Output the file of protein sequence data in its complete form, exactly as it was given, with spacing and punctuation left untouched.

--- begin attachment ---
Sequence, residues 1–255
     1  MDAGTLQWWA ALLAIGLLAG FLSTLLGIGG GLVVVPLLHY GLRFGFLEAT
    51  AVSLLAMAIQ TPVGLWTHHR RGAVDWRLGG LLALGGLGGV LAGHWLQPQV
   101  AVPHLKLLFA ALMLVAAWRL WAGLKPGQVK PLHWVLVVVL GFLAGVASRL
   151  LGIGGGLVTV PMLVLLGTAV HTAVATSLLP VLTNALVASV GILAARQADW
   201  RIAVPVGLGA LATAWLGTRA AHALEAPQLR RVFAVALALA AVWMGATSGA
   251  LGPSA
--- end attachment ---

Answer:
Sequence, residues 1–255
     1  MDAGTLQWWA ALLAIGLLAG FLSTLLGIGG GLVVVPLLHY GLRFGFLEAT
    51  AVSLLAMAIQ TPVGLWTHHR RGAVDWRLGG LLALGGLGGV LAGHWLQPQV
   101  AVPHLKLLFA ALMLVAAWRL WAGLKPGQVK PLHWVLVVVL GFLAGVASRL
   151  LGIGGGLVTV PMLVLLGTAV HTAVATSLLP VLTNALVASV GILAARQADW
   201  RIAVPVGLGA LATAWLGTRA AHALEAPQLR RVFAVALALA AVWMGATSGA
   251  LGPSA